where the variable to be evaluated is in the righthand denominator, the Rule of Three states that:
For instance, if we rewrote the equation used as an example above like so (inverting the proportions and swapping sides):
the Rule of Three can be used to calculate x directly
In this context, a is referred to as the 'extreme' of the proportion, and b and c are called the 'means'.
References
 ^ This was sometimes also referred to as the Golden Rule  see Golden Rule, Brewer's Dictionary of Phrase and Fable though that usage is rare compared to other uses of Golden Rule
 ^ Shen, Kangren et al, tr. The Nine Chapters on the Mathematical Art: Companion and Commentary. Oxford: Oxford University Press, 1999.
Further reading
 'Dr Math', Rule of Three
 'Dr Math', Abraham Lincoln and the Rule of Three
 Pike's System of arithmetick abridged: designed to facilitate the study of the science of numbers, comprehending the most perspicuous and accurate rules, illustrated by useful examples: to which are added appropriate questions, for the examination of scholars, and a short system of bookkeeping., 1827  facsimile of the relevant section
 Hersee J, Multiplication is vexation  an article tracing the history of the rule from 1781
 The Rule of Three as applied by Michael of Rhodes in the fifteenth century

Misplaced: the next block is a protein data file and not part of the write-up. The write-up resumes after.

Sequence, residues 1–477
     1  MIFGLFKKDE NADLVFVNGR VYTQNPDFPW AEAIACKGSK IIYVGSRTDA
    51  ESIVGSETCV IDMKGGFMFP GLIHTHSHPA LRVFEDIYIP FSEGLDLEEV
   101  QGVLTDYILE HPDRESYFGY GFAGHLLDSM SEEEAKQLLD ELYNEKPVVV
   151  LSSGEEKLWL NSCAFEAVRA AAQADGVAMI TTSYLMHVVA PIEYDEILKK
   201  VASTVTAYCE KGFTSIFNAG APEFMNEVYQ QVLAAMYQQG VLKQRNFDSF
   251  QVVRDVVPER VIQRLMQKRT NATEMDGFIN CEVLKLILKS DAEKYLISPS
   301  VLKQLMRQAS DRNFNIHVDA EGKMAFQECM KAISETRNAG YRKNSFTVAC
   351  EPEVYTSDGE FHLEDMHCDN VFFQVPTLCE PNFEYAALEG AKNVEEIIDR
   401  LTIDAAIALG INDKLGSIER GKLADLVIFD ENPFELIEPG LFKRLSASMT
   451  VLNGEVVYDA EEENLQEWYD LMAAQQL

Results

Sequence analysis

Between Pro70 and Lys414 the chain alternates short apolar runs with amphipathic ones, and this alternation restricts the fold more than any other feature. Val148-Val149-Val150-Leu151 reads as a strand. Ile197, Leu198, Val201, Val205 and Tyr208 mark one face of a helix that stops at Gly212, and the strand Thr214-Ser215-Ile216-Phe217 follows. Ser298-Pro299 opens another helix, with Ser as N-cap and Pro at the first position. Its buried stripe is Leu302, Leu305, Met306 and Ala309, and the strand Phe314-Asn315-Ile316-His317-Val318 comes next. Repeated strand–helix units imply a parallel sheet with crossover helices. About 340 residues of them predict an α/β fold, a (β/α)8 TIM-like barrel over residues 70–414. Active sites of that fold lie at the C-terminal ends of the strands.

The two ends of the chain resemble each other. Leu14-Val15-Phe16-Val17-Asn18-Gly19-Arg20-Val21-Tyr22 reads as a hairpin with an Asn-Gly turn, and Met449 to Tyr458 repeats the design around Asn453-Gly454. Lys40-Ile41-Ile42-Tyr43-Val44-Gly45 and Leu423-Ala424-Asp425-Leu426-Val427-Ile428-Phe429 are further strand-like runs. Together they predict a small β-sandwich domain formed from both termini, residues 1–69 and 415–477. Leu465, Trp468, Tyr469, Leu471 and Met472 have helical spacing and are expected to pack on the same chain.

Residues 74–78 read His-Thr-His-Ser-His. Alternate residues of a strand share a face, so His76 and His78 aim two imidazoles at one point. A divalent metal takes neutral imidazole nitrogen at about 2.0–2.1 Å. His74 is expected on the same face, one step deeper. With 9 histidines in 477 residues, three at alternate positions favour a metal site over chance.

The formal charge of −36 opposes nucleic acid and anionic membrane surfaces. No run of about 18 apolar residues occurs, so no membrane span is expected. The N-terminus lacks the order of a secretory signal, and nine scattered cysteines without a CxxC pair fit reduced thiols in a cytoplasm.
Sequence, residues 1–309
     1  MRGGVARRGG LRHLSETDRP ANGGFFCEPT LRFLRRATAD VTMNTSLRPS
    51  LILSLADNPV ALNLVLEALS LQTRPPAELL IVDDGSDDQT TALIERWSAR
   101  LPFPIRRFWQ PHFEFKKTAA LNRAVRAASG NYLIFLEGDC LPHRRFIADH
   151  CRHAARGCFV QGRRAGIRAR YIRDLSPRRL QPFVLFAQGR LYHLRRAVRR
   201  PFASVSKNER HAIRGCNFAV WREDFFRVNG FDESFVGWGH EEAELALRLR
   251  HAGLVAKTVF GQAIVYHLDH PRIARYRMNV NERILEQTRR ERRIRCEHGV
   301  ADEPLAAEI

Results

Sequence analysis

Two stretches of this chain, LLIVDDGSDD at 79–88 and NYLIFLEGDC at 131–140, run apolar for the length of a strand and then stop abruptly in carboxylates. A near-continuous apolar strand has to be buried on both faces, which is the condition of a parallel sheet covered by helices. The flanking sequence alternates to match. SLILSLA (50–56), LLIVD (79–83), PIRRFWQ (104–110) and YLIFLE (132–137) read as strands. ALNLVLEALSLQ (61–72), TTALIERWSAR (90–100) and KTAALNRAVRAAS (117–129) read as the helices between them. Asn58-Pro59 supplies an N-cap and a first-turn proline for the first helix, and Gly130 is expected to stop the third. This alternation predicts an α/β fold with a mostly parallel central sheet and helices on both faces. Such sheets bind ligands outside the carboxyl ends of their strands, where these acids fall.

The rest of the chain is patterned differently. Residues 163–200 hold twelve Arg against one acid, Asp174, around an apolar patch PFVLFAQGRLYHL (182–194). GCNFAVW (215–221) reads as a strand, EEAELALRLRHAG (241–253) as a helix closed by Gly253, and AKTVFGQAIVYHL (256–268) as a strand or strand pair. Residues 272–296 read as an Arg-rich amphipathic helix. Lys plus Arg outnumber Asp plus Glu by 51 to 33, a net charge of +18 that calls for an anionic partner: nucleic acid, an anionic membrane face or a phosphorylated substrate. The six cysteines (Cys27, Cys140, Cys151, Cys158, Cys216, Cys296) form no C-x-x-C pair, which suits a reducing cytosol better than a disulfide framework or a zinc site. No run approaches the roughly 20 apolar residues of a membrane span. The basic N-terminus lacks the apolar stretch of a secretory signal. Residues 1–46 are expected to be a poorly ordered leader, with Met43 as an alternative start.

The Rule Of Three in Mother Goose
 Rudyard Kipling: You can work it out by Fractions or by simple Rule of Three, But the way of Tweedledum is not the way of Tweedledee.
Categories: Fractions
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Look at other dictionaries:
cross multiplication — noun see cross multiply … New Collegiate Dictionary
crossmultiplication — noun An instance, or the process, of cross multiplying … Wiktionary
cross multiplication — noun Etymology: cross (III) : the multiplying of a numerator of one fraction by the denominator of another (as in clearing an equation of fractions) … Useful english dictionary
crossmultiplication — … Useful english dictionary
crossmultiply — cross mul·ti·ply (krôsʹmŭlʹtə plī , krŏsʹ ) intr.v. cross mul·ti·plied, cross mul·ti·ply·ing, cross mul·ti·plies To multiply the numerator of one of a pair of fractions by the denominator of the other. cross multiplication n. * * * … Universalium
cross multiply — cross multiplication. Math. to remove fractions from an equation by multiplying each side by the common multiple of the denominators of the fractions of the opposite side. [1950 55] * * * … Universalium
cross multiply — intransitive verb Etymology: back formation from cross multiplication : to find the two products obtained by multiplying the numerator of each of two fractions by the denominator of the other * * * cross multiplication. Math. to remove fractions… … Useful english dictionary
cross multiply — intransitive verb Date: 1951 to clear an equation of fractions when each side consists of a fraction with a single denominator by multiplying the numerator of each side by the denominator of the other side and equating the two products obtained • … New Collegiate Dictionary